I want to begin with a personal anecdote that is not directly related to Fatima. In the academic year of 1996-1997 a junior at Miami University in Oxford, Ohio was running for student president, thinking that he would be able to have the most impact for good on campus by exercising that position his senior year. As a prominent member of the student senate he played a prominent and very public (both on national radio and outside of the U.S.) role in a number of significant changes that took place on campus. Notwithstanding his valiant efforts, he lost the presidential race. Unsure what to do, he turned to an older friend and mentor, and decided to become an R.A. in a dorm and lead a Bible study for freshmen in the dorm. This incoming senior would-be R.A. and Bible study leader, was a student leader in a very large para-church (primarily evangelical Protestant Christian) organization on campus, which, at least for the following two years (if I’m not mistaken), represented the largest para-church organization on any college campus in the world at that time, boasting about 1,000 members at their weekly meeting. His mentor, who happened to be Roman Catholic, was a staff member with that organization (at one point full-time, but by this point, part-time on a volunteer basis). That summer they decided to fast and pray for the future Bible study which together they would co-lead. They studied Scripture and church history together that summer, and they prayed and fasted that the future study would bear fruit for the kingdom of God.
When God the Father sent His Son into the world He sent Jesus forth with a plan. Yet, Jesus does not deal with us as a builder deals with blueprints, bricks and mortar. Rather, He deals with us personally and calls us to cooperate with Him and to relate to Him personally. So it is that Jesus came into the world through the personal fiat, the personal ‘yes’ of one woman.
May is the month where we celebrate Mary and her ‘yes’ in the life of Jesus. We celebrate the Annunciation to Mary by the Angel Gabriel on March 25th, so it is that in May the life of Jesus was beginning to flower in her womb. Why is it though that Catholic and Orthodox Christians accord her such a high place in the life of faith?
We can of course, never understand Mary without reference to Jesus. When the Father sent His Son into the world with a plan, it was a plan formed long ago. It was a plan that developed from covenants with Adam and Eve, Noah, Abraham, Moses, David. God was building a family from a holy couple, to a family, to a tribe, to a nation, and lastly to a kingdom with David. And it was from this final expansion of the family with David that we pick up with Jesus, who was the Son of David. So it was that the kingdom that Jesus preached was made concrete in its fulfillment of the kingdom given to David.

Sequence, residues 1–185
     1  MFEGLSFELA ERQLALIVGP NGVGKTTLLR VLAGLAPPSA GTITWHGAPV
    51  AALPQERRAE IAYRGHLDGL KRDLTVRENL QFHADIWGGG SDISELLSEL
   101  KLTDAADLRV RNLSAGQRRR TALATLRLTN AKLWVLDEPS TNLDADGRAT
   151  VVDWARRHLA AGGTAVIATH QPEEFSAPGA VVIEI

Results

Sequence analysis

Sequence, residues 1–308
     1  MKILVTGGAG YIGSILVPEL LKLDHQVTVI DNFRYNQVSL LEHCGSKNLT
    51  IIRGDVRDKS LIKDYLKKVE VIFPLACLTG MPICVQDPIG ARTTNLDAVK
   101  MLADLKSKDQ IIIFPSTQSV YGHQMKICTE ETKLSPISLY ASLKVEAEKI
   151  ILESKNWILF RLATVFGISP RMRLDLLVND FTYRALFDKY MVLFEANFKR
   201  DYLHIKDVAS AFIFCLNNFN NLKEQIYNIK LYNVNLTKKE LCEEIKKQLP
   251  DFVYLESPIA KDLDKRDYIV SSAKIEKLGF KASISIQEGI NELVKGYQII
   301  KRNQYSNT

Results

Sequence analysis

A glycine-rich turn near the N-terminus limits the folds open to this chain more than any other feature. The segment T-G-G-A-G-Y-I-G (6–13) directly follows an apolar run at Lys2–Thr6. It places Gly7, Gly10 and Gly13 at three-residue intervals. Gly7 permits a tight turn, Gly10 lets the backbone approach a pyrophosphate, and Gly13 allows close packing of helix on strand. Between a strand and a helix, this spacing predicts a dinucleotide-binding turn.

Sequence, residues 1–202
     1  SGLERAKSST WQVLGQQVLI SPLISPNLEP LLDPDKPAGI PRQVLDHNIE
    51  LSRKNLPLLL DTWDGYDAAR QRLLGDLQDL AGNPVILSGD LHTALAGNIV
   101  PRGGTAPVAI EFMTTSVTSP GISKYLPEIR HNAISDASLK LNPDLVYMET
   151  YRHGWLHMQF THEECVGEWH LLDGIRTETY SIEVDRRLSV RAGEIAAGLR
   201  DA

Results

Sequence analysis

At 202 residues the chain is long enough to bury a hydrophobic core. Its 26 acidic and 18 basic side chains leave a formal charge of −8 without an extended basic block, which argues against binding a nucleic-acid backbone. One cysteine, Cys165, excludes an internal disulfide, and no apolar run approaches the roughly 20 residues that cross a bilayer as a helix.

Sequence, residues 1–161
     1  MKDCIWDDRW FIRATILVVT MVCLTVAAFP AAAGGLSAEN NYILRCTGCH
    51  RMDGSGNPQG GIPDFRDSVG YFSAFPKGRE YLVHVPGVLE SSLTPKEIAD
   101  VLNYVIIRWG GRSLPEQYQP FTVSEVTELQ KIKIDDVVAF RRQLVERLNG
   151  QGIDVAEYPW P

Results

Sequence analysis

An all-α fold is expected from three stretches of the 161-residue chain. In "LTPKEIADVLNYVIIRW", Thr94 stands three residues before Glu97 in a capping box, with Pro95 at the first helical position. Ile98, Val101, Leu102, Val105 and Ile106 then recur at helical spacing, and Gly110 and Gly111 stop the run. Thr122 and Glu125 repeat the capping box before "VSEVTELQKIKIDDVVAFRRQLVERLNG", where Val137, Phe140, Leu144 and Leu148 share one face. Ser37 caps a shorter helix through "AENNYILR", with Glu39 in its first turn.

I want to take a moment to celebrate with you as our first iPhone application, “Mysteries of the Holy Rosary“, reached 25,000 downloads this week.
This free application is a meditation and instructive aid for those praying the Rosary. It does not replace your Rosary beads, but rather helps you focus on the Mysteries of the Holy Rosary.
As a new Catholic, I had a difficult time remembering which mysteries matched each day. Although many other great iPhone Rosary apps allow you to ditch your physical Rosary, I wanted to experience the beauty of those venerable beads, as a tool to meditate on our Lord. So I built this app specifically to require zero input. Just open it and it will automatically select the mystery that matches today. If you’d like more you can switch to other mysteries, focus in on the beautiful artwork, or see simple instructions on how to pray the Rosary.
If you haven’t had an opportunity to look at the app for yourself, you can download it at the iTunes App Store.
To many around the world she is known as Mary–the mother of God, the mother of Jesus. She was the girl who God loves, freeing her from the stain of sin. She is the girl whose “yes” changed the face of the world. She said “yes” when others would have asked questions, or rationalized. She said “yes” almost without thinking, for this was who she was created to be. She was the second Eve. She produced the fruit of a new tree, the tree of eternal life. And so with her “yes” God came into the world and she was trusted to guide Him, protect Him, and love Him. Mary’s life wasn’t without suffering and hardship though. She saw the nails pierce, she saw him hang upon the cross, and she saw Him die. This was who He was. This is what He was created for. And yet, we do not hear of her complaining or questioning. Tradition tells of a look between a mother and a son as Jesus carried His cross towards Calvary. A look and only a look–words were not expressed; everything was said. Who was consoling whom? Who was giving whom strength? They were there together, mother and Son, each having said “yes.” Mary was there at the beginning of Jesus’ life and now she would be there for the end. In a way, Mary walked to her Calvary. She suffered with her Son, she yearned to take His pain, and her heart ached as if pierced by a spear. When he died that day, so also did she. All of Christianity can be summed up as a love story between a mother and a son.